Many small businesses are concerned about suffering a hacking attack but aren’t confident their systems are secure enough to withstand one, revealed a recent survey we conducted of SMEs on cyber risks. There are many different IT security programmes that firms can buy, but SMEs can also protect themselves by taking a few commonsense precautions. One of the simplest is to beef up the security of passwords.
LinkedIn’s recent hacker attack, in which 6 million members’ email addresses and passwords were stolen, is the latest in a string of high-profile corporate data breaches. But it seems that we still haven’t learned the lesson to make our passwords harder to crack. An analysis of the most common passwords stolen by hackers from LinkedIn and posted on the net revealed that “link” was top, followed by “1234”, with “work” and “job” in the top 10 also.
It’s one thing to use a simple, easily remembered password to get into your account on one website. But it’s very dangerous to use the same password across a number of different online accounts, because if hackers get hold of your email address and password from one site they will try it on others. It may not be long before they get hold of your payment card data by trawling across the net. Also, if you use the same password on your work computer it can be relatively simple for a hacker to take control of your business computer system.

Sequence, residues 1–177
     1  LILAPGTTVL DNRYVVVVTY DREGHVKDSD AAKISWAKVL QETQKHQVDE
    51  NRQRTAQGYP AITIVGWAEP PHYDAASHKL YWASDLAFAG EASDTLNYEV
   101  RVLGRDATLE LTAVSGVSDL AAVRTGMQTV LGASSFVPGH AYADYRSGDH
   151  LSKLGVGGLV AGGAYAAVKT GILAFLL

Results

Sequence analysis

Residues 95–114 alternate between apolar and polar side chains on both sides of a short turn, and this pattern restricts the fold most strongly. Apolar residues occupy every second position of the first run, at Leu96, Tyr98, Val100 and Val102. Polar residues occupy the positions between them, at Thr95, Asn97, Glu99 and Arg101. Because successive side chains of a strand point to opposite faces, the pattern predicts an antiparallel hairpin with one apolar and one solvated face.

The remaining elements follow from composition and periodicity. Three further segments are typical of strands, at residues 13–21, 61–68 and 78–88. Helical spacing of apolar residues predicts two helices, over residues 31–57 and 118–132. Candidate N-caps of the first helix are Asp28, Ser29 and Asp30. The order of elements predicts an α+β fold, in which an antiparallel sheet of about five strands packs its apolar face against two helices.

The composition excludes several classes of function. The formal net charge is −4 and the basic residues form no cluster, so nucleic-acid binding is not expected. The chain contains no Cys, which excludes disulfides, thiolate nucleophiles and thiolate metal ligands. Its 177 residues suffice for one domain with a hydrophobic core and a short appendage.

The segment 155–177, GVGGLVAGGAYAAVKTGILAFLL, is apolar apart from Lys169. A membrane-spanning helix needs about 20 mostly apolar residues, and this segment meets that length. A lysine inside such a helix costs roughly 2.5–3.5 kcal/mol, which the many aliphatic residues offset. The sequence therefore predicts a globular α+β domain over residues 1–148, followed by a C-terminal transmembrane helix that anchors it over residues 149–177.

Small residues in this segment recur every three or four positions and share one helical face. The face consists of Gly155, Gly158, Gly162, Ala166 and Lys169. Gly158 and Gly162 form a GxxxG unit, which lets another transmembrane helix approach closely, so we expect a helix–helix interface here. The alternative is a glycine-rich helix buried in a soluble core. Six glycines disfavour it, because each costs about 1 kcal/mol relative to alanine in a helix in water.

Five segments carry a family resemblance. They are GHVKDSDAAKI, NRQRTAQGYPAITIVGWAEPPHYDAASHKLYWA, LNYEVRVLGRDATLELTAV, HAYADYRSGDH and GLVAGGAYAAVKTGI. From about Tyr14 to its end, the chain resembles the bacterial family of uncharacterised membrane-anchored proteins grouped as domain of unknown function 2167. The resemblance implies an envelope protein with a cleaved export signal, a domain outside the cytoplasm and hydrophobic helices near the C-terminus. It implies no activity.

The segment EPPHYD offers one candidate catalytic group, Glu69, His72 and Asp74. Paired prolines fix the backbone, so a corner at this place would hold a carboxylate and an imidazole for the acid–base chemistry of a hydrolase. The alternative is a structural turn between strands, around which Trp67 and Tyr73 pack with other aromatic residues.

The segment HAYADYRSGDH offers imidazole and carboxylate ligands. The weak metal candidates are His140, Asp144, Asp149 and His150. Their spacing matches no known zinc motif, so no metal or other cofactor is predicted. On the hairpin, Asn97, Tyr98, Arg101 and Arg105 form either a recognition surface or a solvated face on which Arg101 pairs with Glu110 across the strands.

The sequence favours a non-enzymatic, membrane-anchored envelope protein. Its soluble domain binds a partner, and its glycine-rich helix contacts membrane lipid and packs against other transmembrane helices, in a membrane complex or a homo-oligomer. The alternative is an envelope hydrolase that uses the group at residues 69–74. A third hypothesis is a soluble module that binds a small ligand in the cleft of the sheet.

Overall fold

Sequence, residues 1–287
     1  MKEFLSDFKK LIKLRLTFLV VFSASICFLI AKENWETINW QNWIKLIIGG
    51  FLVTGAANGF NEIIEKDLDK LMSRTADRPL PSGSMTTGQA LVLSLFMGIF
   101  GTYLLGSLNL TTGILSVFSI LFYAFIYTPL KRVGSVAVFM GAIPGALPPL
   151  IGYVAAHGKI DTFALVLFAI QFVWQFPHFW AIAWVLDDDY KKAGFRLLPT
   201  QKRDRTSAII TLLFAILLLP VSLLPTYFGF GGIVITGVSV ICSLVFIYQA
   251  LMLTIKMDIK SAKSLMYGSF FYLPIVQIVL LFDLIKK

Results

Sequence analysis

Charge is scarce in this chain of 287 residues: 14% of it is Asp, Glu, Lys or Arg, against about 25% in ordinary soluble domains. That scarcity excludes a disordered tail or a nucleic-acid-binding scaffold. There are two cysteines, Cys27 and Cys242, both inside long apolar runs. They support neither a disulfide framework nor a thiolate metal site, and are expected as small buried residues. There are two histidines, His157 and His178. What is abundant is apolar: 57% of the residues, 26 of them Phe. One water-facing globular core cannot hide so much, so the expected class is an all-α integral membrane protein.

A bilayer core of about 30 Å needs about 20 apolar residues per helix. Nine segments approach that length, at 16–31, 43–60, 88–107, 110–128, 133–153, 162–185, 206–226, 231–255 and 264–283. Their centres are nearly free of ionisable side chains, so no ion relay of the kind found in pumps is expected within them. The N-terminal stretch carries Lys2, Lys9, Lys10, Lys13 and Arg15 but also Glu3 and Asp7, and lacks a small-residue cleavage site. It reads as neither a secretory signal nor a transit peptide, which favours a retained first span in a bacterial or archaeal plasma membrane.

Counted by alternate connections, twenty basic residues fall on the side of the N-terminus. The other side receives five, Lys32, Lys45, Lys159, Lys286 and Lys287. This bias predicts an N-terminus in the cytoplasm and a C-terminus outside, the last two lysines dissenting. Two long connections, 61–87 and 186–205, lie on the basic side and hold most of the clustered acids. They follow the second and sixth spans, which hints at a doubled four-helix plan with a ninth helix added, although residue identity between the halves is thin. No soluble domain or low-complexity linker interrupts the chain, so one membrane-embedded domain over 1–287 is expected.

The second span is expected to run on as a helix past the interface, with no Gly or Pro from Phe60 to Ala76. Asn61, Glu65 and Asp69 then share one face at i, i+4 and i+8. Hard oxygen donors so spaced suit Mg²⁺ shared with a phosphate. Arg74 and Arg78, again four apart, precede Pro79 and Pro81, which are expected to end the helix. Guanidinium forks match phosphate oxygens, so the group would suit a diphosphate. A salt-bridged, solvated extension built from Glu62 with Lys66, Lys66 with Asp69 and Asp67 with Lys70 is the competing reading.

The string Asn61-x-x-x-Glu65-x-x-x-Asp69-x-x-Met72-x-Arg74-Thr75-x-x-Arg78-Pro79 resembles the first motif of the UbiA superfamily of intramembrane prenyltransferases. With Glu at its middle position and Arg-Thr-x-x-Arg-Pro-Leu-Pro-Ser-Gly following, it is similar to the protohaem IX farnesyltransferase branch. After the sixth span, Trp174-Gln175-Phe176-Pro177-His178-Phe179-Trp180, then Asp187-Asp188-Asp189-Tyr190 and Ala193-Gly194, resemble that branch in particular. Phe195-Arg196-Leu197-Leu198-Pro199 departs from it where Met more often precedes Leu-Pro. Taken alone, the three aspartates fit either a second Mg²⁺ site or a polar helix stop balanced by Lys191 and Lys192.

Many companies use what is known as “salting software” to make passwords harder to crack in case of a hacker attack. But if you don’t have that yet, you can consider what other steps may help.
For example you can:
• Strengthen your passwords by adding random letters or digits at the front of them. So “password” becomes “4password”, for example. This is effectively what salting software does, so by doing this you’re helping to self-salt your firm’s passwords, if you like.
• Tell everyone in your company to use a combination of letters and numbers in their passwords. A person’s name and date of birth is a common, and so relatively easy password to work out. One containing random characters is almost impossible to crack, but it’s hard to remember too, so a good solution is to use the first letters and numbers of a phrase. For example, using the memorable phrase “My son Peter is 7 years old”, your password is “mspi7yo”.
• Make sure everyone in your business updates their password at least every few months. Disgruntled former employees have been known to steal sensitive data and vital intellectual property, but you can reduce this risk if everyone changes their passwords regularly. So if someone does leave your firm under a cloud they won’t be able to use a former workmate’s password to hack into your system.
Every business, large or small, should evaluate their IT risks. There are different cyber insurance covers available to help protect against the financial and legal costs of an attack, providing a financial lifeline if forced to temporarily shut down.